How useful are crime statistics as a source of information about crime? As mentioned previously. official crime statistics provide important information on crime; however. the data reflect only those crimes that have been reported to the police. The number of violent-crime arrests decreased slightly (1.1 percent) in 2007 while the number of arrests for property crime increased S.4 percent, 1llese statistics may show that property crimes are up. or they may reflect (at least partially) an increase in the number of crimes reported. Why are some crimes not reported? People are more likely to report crime when they believe that something can be done about it (apprehension of the perpetrator or retrieval of their property. for example). About half of all assault and robbery victims do not report the crime because they may be embarrassed or fear reprisal by the perpetrator. 1111.\s,the number of crimes reported to police represents only the proverbial "tip of
the iceberg" when compared with all offenses actually committed. Official statistics are problematic in social science research because of these limitations. National Crime Victimization Survey was developed by the Bureau of Justice Statistics as an alternative means of collecting crime statistics. In this annual survey, the member" .;" 100.000 randomly selected households are interviewed to determine whether they have been the victim" of crime, even if the crime was not reported to the police. The most recent victimization survey indicates that 50 percent of all violent crimes and 61 percent of all property crimes are not reported to the police and arc thus not reflected in the UCR (U.S. Bureau of Justice Statistics. 2007).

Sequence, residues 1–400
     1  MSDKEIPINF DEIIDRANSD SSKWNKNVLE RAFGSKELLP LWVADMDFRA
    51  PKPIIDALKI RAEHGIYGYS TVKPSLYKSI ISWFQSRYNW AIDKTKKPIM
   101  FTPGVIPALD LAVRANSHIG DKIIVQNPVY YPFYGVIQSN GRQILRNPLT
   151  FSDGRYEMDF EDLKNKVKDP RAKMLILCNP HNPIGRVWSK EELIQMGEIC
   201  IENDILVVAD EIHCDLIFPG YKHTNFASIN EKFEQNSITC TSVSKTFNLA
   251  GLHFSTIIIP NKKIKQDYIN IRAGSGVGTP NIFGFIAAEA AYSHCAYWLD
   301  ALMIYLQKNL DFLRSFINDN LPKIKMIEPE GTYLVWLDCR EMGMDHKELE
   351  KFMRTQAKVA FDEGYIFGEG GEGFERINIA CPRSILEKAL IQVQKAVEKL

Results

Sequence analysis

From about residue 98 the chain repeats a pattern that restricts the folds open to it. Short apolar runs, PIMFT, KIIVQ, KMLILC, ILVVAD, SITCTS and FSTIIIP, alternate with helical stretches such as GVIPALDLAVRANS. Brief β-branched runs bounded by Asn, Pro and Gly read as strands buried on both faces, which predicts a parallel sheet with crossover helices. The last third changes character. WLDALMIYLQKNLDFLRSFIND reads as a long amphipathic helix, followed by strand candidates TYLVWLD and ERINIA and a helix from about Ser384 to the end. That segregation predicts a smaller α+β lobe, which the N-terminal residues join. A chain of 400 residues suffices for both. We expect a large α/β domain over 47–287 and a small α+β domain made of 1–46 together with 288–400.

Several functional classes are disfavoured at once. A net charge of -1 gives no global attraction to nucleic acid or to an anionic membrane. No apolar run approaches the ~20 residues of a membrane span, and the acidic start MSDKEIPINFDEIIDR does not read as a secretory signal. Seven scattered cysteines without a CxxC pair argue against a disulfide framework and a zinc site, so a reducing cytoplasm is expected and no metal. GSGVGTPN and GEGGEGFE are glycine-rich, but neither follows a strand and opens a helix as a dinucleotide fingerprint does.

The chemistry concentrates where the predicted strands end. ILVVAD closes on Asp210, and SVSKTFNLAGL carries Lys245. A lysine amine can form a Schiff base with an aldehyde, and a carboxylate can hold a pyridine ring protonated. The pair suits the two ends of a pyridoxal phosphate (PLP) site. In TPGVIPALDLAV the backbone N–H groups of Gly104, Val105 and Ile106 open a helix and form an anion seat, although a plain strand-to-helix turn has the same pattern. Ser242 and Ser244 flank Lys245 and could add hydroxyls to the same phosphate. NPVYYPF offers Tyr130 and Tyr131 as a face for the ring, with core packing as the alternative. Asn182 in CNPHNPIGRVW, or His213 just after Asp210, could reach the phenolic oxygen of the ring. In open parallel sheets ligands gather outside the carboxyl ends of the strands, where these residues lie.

Studies based on anonymous self-reports of criminal behavior also reveal much higher rates of crime than those found in official statistics. For example. self-reports tend to indicate that adolescents of all social classes violate criminal laws. However. official statistics show that those who are arrested and placed in juvenile facilities typically have limited financial resources, have repeatedly committed serious offenses. or both (Liechtensteiner and Allan, 2000). Data collected for the Juvenile Court Statistics Program also reflect class and racial bias in criminal justice enforcement. Not all children who commit juvenile offenses are apprehended and referred to court. Children Iron white. affluent families are 1,10re likely to have their cases handled outside the juvenile justice system (for example. a youth may be sent :0 a private school or hospital rather than to a juvenile correctional facility). Many crimes committed by persons of higher so-' socioeconomic status in the course of business are handled by administrative or quasi-judicial bodies. such' as the Securities and Exchange Commission or the Federal Trade Commission. or by civil courts, As a result. many elite crimes are never classified as "crimes," nor are the businesspeople who commit them labeled as "criminals:'